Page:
Browser does not support script.
Skip to main content
Find out how we produce our information|
Here are some of the common questions about breast reconstruction.
The way you feel about your breast reconstruction will depend partly on what you expect from the surgery. Make sure you discuss your expectations with your surgeon| before you decide to go ahead. It’s important to wait for several months after reconstruction for the skin and muscle to stretch, and for the reconstructed breast to settle into its final shape, before deciding how happy you are with the result. Full healing can take about a year. It often takes more than one operation to get a good match with your natural breast. If you have concerns, discuss them with your surgeon or breast care nurse. Your surgeon may already have plans for an operation to improve the final result. If you’re still unhappy following discussions with your surgeon you can, if you wish, ask to be referred to another surgeon for a second opinion.
Mammograms| are not usually necessary on the reconstructed breast after a mastectomy|, but you will be invited to have regular mammograms on the other breast. If you have had partial breast reconstruction| or a mini-flap|, you will continue to have mammograms on that breast.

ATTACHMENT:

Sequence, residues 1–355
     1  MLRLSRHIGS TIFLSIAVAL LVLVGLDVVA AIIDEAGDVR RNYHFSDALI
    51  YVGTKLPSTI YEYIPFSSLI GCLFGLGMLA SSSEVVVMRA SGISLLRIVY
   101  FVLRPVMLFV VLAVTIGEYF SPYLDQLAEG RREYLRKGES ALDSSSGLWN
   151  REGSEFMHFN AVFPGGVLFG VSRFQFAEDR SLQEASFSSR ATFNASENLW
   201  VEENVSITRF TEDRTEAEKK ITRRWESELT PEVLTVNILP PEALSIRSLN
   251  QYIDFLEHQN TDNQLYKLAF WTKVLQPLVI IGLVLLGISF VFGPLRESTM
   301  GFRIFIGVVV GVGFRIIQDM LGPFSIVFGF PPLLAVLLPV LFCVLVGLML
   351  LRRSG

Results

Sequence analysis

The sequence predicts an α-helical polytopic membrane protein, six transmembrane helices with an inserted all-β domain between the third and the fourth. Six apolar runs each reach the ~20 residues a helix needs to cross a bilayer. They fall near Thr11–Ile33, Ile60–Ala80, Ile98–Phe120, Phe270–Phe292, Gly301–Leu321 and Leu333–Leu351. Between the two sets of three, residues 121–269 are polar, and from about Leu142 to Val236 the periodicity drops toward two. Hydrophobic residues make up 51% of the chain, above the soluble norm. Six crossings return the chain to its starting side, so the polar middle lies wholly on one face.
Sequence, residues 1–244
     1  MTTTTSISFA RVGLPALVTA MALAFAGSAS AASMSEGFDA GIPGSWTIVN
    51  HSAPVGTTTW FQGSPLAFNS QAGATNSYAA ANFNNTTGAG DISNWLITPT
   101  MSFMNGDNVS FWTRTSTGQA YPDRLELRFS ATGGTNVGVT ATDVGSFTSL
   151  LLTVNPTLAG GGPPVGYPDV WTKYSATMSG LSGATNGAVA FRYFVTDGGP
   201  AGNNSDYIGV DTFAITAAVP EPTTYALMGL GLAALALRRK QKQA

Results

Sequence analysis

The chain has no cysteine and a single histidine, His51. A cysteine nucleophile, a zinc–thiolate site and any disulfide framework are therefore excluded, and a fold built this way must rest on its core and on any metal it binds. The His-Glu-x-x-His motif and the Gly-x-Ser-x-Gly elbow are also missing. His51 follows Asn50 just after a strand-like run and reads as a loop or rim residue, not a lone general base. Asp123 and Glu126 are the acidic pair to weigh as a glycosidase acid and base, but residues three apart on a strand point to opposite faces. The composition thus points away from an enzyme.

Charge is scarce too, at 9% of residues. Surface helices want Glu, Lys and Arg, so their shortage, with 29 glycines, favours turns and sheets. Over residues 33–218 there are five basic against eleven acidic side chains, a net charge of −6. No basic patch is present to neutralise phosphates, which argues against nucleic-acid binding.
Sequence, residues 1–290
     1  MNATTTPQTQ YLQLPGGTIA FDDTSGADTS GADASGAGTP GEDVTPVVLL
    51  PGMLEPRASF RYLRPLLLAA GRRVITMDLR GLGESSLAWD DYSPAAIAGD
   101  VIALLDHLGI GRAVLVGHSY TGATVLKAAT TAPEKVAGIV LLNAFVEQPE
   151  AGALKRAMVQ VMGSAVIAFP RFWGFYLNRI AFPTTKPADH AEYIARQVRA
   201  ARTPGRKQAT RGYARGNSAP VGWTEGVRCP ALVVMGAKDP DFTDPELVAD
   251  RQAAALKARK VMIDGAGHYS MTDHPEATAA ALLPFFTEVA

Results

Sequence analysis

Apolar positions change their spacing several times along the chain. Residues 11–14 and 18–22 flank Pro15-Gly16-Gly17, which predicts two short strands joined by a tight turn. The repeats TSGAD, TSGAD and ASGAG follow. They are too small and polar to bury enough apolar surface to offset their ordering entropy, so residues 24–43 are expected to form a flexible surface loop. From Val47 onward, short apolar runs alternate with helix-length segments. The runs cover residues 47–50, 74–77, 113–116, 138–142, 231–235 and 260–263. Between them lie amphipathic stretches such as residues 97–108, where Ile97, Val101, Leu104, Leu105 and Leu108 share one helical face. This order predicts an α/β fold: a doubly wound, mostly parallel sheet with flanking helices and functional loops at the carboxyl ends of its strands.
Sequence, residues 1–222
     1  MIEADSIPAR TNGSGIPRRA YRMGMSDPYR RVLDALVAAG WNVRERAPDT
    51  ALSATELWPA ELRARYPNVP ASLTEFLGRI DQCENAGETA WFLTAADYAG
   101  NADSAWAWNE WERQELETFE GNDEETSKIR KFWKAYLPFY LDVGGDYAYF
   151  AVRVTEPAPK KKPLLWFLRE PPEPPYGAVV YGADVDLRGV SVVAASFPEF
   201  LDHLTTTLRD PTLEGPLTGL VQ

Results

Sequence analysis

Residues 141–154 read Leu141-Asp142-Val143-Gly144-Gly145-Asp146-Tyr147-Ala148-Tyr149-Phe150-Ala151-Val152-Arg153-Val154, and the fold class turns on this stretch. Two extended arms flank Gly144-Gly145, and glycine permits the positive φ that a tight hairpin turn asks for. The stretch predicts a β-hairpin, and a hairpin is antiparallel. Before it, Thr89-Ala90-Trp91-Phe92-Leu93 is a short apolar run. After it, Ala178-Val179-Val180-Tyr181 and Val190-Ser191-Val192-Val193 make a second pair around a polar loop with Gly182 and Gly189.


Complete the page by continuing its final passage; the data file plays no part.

If you are worried that your cancer has come back in the reconstructed breast, an examination by your surgeon, combined with an ultrasound, MRI scan or biopsy, can investigate and diagnose anything unusual.
Silicone or saline implants hide part of the breast during mammography, but experts believe that any cancer around an implant is still simple to detect using an ultrasound. Your doctor can advise on how any possible recurrence of cancer can be found.
Specialists think there is little or no difficulty detecting a recurrence of cancer either beneath or around an implant, using examination by hand, ultrasound or a mammogram. If your cancer comes back|, it’s most likely to be just under the skin and so is generally easy to detect.
Yes. If you have had, or are going to have, a mastectomy as part of your cancer treatment, you’re entitled to free breast reconstruction on the NHS. You should have a full choice of breast reconstruction options. Alternatively, some surgeons will carry out reconstruction surgery privately, if you prefer.
Content last reviewed: 1 June 2011
For answers, support or just a chat, call the Macmillan Support Line free (Monday to Friday, 9am-8pm)
If you have any questions about cancer, need support or just want someone to talk to, ask Macmillan.
If you have any questions about Macmillan we would love to hear from you| .
You can also follow us| on Facebook, Twitter, Flickr or YouTube.
© Macmillan Cancer Support 2013
what are these?|